While many companies have attempted to create gesture controlled devices, there are as intuitive as Leap Motion, which uses actions that come naturally to computer users effectively, putting the control right at their fingertips!
Kids News - Games Articles
Though toys and video games have undergone numerous exciting innovations, the same cannot be said about outdoor playgrounds. Sure there is the occasional fun slide or web, but they are all more or less homogeneous - a few swings, a sand box, a monkey bar or two etc. etc. Where is, the imagination and innovation? Now, two Scandinavian designers finally seem to have seen the light.
Paying $16,000 USD for any kind of sword sounds a little high - But for one that doesn't even exist? That has to be a first. Apparently, that is exactly what an avid Chinese gamer recently forked out. Even more amazing? The virtual sword is part of a brand new video game that has not even been released yet.
The World Wildlife Fund (WWF) is an international non-profit organization that is constantly trying to remind us to do the right thing to save the Earth - whether it be by protecting endangered wildlife and environments, reversing global warming or, using our limited natural resources in a sustainable manner.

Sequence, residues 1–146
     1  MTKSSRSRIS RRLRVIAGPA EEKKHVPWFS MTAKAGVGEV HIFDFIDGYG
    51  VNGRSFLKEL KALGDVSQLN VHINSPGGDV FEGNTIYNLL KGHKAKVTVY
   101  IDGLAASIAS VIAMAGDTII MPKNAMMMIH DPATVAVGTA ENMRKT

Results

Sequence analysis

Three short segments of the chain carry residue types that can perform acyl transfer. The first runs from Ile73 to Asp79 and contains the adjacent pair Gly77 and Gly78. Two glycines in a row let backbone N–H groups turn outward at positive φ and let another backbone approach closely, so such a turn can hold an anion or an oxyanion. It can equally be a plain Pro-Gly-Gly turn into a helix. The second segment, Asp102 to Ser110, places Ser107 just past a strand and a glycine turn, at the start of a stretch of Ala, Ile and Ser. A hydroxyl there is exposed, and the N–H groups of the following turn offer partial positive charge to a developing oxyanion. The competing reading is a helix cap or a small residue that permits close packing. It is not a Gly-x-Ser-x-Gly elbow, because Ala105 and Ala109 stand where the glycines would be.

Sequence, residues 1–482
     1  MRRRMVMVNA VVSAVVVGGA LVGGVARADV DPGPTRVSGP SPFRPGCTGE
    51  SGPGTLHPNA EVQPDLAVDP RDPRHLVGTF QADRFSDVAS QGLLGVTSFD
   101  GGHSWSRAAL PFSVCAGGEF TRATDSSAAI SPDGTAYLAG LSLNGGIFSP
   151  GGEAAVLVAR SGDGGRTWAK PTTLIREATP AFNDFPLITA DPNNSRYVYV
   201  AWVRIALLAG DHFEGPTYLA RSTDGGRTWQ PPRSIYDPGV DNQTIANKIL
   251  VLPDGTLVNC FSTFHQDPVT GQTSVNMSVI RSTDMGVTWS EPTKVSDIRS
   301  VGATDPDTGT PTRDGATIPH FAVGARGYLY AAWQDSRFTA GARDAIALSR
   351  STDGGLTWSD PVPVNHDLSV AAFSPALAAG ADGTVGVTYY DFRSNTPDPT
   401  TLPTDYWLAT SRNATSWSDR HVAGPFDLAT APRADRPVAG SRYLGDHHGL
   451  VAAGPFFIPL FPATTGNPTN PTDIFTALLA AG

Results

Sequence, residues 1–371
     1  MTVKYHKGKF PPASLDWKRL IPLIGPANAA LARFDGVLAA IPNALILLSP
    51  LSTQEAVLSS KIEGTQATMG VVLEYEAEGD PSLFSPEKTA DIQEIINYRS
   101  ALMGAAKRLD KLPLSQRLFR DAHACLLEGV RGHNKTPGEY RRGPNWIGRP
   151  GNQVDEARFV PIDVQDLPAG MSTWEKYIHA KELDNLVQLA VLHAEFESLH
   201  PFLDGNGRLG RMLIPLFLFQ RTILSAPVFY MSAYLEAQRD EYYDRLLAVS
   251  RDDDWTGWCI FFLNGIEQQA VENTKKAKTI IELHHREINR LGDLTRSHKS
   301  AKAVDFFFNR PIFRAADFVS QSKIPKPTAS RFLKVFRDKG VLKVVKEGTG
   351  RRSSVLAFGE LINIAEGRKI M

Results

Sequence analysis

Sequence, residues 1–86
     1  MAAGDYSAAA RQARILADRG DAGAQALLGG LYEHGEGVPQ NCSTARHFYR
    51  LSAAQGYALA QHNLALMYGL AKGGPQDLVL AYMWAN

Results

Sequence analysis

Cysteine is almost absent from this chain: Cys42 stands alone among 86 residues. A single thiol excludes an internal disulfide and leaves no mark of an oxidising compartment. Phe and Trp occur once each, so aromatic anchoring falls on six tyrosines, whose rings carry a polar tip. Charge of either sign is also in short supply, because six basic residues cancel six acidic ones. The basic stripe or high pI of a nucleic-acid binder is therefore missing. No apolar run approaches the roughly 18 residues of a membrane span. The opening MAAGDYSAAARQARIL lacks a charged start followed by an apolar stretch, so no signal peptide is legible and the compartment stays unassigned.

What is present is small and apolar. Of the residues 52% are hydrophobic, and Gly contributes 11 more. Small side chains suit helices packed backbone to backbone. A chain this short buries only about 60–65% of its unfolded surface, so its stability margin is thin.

'When life gives you lemons, make lemonade' - This certainly seems to be the motto of the people of Harbin, one of China's coldest cities, where temperatures can dip as low as -4° Fahrenheit (-20° Celsius). That's because instead of hibernating during the coldest months of the year, they host one of the world's largest and most spectacular Ice and Snow Festivals.
While today salt is a cheap commodity, such was not the case in the Middle Ages, when refrigerators were not yet invented and the only way to preserve food was by packing it in salt. Hence, it was not surprising that salt mines were worth their weight in gold - Literally.
The next time you are being told off for wasting time playing video games, inform your parents that you are merely trying to fire up your imagination and get your creative juices going. At least that's what a recent study performed by the University of Michigan, seems to have concluded.
Today, when most people are adapting real life games into video games, one boy has chosen to do just the opposite. Twelve-year-old British resident Sam Beards, recently recreated a real-life version of the blockbuster Angry Birds video game, on his family farm.